The best way to think about staking is similar to a high yield savings account at your traditional bank. The bank borrows your money in that account, and in exchange you earn some percentage of it back as interest. Similarly in crypto, you’re locking up some token that the network uses, and in exchange you earn some percentage back as interest. The highest interest rate you’ll find at a traditional bank today is 0.5% per year, but in crypto you’re looking at rates between 3-100%+ depending on your risk tolerance.

I’m staking in a protocol called Convex (which I won’t explain here), but by locking up another token called Curve I’m regularly earning 70%+ APR. By staking $20K, I’ll be generating about $1.2K per month; $700 of which goes to the lease payment and another $500 for repaying the loan. Since the Liquity loan has no repayment date and no interest, I can tweak that second amount as needed. At $500 per month, it’ll roughly be paid off in two years.

Endgame & Risk

When it’s all said and done the loan will be repaid and my collateral will unlock– I’ll have my crypto, the car (for the duration of the lease), and I won’t pay any money out of pocket for it. Mission accomplished: but this of course has its risks.

I’ve been doing this for about two months now during a period of extreme volatility (mid-2021). In fact it’s very sensitive to the price of Ethereum and the other assets involved. The value of a particular token could plummet, these rates could dissapear, or even worse your loan could get liquidated: which is when the value of your collateral drops too low. The protocol will sell off your deposit to cover their loss, and close your loan. If the price drops. I’ll have to lock up more Ethereum to prevent this from happening.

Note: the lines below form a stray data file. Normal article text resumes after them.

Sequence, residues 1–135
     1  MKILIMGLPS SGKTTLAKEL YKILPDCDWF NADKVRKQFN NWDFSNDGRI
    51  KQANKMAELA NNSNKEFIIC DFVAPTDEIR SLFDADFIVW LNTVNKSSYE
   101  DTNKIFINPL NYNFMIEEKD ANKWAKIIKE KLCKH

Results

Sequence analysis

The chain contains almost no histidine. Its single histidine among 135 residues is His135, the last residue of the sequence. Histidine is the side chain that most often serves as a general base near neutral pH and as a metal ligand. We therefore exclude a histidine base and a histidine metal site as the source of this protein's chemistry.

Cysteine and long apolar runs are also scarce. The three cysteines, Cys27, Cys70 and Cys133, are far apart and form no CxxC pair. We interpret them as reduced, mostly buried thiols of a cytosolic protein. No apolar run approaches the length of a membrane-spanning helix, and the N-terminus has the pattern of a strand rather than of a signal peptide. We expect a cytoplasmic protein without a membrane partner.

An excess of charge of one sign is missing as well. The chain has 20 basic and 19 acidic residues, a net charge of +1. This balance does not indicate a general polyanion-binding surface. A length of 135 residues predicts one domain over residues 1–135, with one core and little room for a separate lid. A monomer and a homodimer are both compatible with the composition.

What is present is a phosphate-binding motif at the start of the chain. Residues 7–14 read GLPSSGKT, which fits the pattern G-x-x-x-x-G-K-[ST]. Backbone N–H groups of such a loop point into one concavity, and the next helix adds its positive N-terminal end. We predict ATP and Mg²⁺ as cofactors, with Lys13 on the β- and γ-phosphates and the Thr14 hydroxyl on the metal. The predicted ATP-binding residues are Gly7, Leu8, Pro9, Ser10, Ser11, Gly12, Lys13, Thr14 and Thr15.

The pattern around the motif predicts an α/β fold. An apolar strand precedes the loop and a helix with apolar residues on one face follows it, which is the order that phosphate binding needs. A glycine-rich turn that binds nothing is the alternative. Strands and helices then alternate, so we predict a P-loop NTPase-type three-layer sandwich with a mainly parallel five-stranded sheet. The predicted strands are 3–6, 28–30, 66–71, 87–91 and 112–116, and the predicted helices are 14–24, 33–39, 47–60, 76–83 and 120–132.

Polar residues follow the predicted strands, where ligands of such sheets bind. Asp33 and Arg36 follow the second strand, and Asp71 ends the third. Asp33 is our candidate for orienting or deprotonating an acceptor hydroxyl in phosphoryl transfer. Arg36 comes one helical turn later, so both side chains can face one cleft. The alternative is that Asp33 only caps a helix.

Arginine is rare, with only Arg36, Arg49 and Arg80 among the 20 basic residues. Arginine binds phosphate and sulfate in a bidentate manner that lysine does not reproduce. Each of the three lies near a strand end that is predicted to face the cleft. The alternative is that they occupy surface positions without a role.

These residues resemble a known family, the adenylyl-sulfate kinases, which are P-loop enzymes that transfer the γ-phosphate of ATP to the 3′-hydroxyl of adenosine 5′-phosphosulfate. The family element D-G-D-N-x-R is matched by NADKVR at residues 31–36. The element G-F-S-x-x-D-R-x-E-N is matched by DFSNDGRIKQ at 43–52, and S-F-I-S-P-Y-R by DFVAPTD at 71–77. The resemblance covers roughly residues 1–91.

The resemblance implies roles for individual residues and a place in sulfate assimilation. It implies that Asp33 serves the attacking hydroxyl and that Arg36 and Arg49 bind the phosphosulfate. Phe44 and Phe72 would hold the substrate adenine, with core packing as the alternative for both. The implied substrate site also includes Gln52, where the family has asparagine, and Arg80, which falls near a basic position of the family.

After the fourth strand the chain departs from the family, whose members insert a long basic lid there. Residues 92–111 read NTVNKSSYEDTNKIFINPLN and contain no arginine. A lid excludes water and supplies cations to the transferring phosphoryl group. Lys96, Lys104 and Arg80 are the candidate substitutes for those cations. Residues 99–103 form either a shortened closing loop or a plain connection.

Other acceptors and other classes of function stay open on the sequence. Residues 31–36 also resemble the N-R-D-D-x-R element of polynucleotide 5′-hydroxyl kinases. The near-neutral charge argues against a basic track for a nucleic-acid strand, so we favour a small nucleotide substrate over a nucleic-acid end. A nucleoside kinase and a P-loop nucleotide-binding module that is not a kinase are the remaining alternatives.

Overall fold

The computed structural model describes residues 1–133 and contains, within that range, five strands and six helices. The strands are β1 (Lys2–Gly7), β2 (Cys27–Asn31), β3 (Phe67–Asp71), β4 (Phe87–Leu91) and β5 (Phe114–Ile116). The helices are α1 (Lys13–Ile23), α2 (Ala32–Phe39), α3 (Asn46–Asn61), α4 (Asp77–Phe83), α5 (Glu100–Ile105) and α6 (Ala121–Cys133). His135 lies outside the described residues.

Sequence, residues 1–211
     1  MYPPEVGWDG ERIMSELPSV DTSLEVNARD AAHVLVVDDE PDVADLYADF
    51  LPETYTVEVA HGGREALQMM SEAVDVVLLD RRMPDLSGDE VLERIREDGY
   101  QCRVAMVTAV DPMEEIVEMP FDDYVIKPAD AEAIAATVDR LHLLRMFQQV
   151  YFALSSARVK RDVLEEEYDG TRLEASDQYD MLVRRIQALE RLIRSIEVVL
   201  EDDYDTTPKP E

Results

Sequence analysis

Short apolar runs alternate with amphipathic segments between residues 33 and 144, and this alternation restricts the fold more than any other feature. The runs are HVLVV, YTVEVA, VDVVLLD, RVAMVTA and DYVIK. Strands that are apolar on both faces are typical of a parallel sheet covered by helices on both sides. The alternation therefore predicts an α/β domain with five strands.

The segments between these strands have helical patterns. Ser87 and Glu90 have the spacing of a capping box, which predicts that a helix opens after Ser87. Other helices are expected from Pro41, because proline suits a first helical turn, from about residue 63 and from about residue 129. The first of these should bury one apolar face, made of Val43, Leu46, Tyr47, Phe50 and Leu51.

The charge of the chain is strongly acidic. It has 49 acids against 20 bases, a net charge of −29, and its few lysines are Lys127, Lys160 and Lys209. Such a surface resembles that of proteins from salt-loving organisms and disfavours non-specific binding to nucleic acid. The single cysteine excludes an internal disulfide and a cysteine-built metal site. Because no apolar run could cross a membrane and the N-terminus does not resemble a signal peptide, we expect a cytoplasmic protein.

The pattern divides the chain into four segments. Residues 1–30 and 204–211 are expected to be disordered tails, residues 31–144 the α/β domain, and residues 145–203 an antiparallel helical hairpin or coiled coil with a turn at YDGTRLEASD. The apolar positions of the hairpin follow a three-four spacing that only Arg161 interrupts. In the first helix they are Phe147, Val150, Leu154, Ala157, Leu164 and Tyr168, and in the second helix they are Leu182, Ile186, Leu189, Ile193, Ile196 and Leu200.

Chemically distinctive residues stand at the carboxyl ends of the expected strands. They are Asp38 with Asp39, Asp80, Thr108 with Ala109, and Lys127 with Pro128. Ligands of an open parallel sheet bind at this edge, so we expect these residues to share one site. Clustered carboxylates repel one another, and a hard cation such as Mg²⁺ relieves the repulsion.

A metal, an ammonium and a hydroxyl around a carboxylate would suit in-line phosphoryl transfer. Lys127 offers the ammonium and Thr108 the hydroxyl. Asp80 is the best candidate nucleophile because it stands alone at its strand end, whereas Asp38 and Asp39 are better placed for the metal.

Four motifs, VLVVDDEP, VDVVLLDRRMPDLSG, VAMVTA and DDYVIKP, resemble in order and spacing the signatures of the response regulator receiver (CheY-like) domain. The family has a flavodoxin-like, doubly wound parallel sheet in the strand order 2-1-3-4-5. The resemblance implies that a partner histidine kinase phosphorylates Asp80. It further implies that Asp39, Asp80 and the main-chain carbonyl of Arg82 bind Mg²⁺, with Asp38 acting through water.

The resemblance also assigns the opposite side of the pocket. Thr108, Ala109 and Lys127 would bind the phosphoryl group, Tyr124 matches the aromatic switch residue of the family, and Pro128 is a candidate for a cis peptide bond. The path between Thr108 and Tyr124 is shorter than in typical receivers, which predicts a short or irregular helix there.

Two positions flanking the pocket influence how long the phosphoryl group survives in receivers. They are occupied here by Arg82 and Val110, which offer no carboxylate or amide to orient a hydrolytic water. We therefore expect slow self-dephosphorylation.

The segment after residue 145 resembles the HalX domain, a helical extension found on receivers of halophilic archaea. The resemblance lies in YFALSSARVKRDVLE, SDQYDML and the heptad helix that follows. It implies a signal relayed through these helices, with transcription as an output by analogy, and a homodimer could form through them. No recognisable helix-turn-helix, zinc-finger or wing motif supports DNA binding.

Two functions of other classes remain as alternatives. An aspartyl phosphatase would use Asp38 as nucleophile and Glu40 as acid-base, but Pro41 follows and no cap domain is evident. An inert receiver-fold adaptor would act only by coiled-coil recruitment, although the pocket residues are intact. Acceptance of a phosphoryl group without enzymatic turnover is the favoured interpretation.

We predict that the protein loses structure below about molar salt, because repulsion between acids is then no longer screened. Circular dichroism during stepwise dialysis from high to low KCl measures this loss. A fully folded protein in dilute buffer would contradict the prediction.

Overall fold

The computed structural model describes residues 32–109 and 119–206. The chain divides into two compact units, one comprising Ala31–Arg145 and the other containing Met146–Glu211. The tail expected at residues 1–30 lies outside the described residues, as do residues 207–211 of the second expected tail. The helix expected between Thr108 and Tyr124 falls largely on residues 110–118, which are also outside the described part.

An interesting alternative for the down payment would’ve been Alchemix, which takes your collateral and earns interest with it elsewhere, essentially making your loan self-paying. They don’t do liquidations, and it unlocks whenever it’s either paid itself off, or you pay it off manually. This was actually my original plan for the loan portion, but at the time they weren’t accepting new loans.

A lower-risk alternative for the monthly payments could be Coinbase’s new 4% APY pool for USDC. USDC holds stable at $1, so you can do the math on what you’ll need to earn $1,200 per month. If you have a large amount of money to work with, and like the convenience of Coinbase this is an attractive option. Doubly so because Coinbase makes things easy for taxes (interest is taxed as income), and it’s probably where you’ll cash out to a bank account from.


Hopefully this shows that crypto isn’t as far removed from the real world as some of its critics claim. Crypto (like the early internet) has its’ fair share of scams, joke coins, and pyramid schemes, but there’s also an incredible flourishing of new economic models, financial tools, and protocols being built. These in turn provide more access to people, and make the world more interesting.

Yes, it’s high risk. Optimize for adventure, right? But this isn’t investment advice, so if you’re going to do something like this please DYOR.